INTRODUCTION & COMMENTARY
Fig 1. STS 132 –May 14, 2010. Launch pad 39 Cape Kennedy. Source URL: http://www.nasa.gov/images/content/458841main_2010-3416.jpg
So it has been more than 50 years since the Sputnik launch—there have been both milestones and setbacks. And, if we can take one thing and put it in our proverbial books of wisdom—it would be to learn how to continually better ourselves. However, each subsequent generation seemingly experiences identical growing pains that the previous generation experienced. These growing pains may be summed in the following pithy aphorism—failing to learn the mistakes of history forces one to repeat similar mistakes ad nauseum. Life, in general, seems cyclical whenever the subsequent generation does not successfully learn from previous generation.
Fig 2. Some Medical Objectives of Skylab Mission and their interrelationships, a briefing chart used at NASA Headquarters In 1971. ML7 1-5271
Source URL: http://history.nasa.gov/SP-4208/ch8.htm (Retrieved 6-28-2013).
WHICH WAY UP?
The way to the stars is paved with a lot of growth and no one “seems” to like the pain associated with the eventual golden opportunities of space. Quite a few sacrifices have been given to the citizens of the world—and here is one that bears mention: Biosatellite program of the late 1960s.
I happened to find mention of the program during my research for the post—and it is both important and (definitely) heartbreaking for animal lovers. As most of us know—the first life into space were animals. And, the early days of manned-space flight were indicative that our evolution had not prepared us for our aspirations. Exploration of other planets and a permanence in the Solar System required different thinking. [The problems which “man” would have encountered on a trip to Mars (circa 1975) would have made the Challenger and Columbia disasters look like a day at the local playground by current standards. As an illustration of just one possible problem in low-gravity (the perception of tumbling motion)—I draw upon Neil Armstrong’s account of this “emergency” during Gemini VIII (8) –not Apollo. During the first docking maneuver ever performed—an engine (of Gemini VIII) continuously (miss)-fired and sent the capsules “rolling and yawing.” Armstrong reportedly described not possessing the ability to find the appropriate controls that (normally) were in his field of vision. At Mission Control—his pulse recorded 156 and his reflexes could not respond to the rolling and yawing motion of the capsule.] The physiological mechanisms of Armstrong’s responses are a complex set of neurological patterns that have been hard-wired for our Earthly benefit. I believe the description of Biosatellite program (satellite number 3) that follows below is a chilling reminder of just a “smattering of what awaits the un-prepared.”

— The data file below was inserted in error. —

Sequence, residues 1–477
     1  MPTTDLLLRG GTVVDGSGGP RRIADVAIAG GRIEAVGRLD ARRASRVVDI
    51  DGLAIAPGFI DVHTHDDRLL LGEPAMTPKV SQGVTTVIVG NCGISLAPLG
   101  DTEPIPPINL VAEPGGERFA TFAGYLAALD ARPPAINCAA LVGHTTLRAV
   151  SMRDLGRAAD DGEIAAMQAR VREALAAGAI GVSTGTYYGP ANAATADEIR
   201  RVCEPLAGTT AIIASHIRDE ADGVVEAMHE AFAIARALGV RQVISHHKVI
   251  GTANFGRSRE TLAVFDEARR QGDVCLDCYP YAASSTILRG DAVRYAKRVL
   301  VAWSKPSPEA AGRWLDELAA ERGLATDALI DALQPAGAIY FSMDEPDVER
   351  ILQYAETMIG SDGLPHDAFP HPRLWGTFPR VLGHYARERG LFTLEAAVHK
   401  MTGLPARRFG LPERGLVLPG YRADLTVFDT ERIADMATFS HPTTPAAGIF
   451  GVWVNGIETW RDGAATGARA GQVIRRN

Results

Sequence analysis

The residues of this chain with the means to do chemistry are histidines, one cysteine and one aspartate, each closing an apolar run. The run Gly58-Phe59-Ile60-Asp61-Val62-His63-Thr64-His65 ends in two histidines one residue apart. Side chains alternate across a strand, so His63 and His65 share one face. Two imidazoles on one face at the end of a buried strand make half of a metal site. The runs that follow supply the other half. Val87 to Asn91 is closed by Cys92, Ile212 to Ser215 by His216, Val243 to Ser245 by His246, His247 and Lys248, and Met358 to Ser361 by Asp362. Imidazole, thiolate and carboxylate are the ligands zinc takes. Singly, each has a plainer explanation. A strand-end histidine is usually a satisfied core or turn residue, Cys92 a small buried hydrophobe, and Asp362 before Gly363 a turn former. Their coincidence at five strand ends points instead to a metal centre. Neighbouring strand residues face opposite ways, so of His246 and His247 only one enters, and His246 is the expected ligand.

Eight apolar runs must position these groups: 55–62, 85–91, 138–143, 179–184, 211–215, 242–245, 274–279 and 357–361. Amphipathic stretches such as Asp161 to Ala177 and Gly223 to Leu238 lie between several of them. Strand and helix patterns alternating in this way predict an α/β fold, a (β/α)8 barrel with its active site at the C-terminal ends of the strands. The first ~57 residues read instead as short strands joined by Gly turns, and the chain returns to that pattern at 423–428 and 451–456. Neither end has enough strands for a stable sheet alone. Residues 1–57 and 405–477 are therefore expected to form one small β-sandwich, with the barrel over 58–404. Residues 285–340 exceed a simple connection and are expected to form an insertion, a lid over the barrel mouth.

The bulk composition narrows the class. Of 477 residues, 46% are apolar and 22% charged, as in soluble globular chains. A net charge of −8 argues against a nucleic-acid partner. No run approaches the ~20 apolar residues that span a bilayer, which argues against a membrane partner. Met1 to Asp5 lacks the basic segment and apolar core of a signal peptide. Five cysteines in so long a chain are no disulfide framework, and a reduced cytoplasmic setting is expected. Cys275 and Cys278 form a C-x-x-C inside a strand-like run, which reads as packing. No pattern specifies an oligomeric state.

The preliminary findings were published in the journal Science. A healthy macaque monkey was trained for a 30 day orbit of Earth. There were only two specific tasks which were duly rewarded with food: (1) “a delayed matching of symbols (DM task) and (2) a test of eye/hand coordination of two rapidly rotating objects (VM task).” The macaque performed them flawlessly pre-flight—but the monkey failed ‘miserably’ once the satellite was off the ground. The macaque did manage to eat almost continuously while in orbit—and the monkey show to be fairly alert for the most part until day 8. On that day the macaque displayed the a marked slowing of heart rate, a slowing of brain waves similar to sleep (while still awake), a sharp drop in blood pressure, and a fall in brain temperature—all indicative of a comatose state. The experiment was halted and the capsule commenced “re-entry.” Recovery operations were promising at first— Within the twelve hours of recovery, the macaque showed signs of a “want” to amble (walk like his fellow monkeys) but the effects of the flight were too severe. The macaque perished soon afterward.
Autopsy results showed little—but all the data from the flight were indicative of an extreme response due to weightlessness. The macaque had been restrained in a “sitting position” throughout the flight—to make matters even more revealing.
A LONGING FOR THE STARS—
We long for the stars—why? Perhaps it is our true destiny. However, as the trail-blazing experiments show, we as a species have more to overcome than meets the eye at first blush.
Adey, W. R. et.al. (1969). Biosatellite III: Preliminary Findings, Science. 166, 492-493.
Wagner, B. M. (1971). Beyond the moon some problems in space medicine, Journal of Clinical Pathology. 24, 289–294.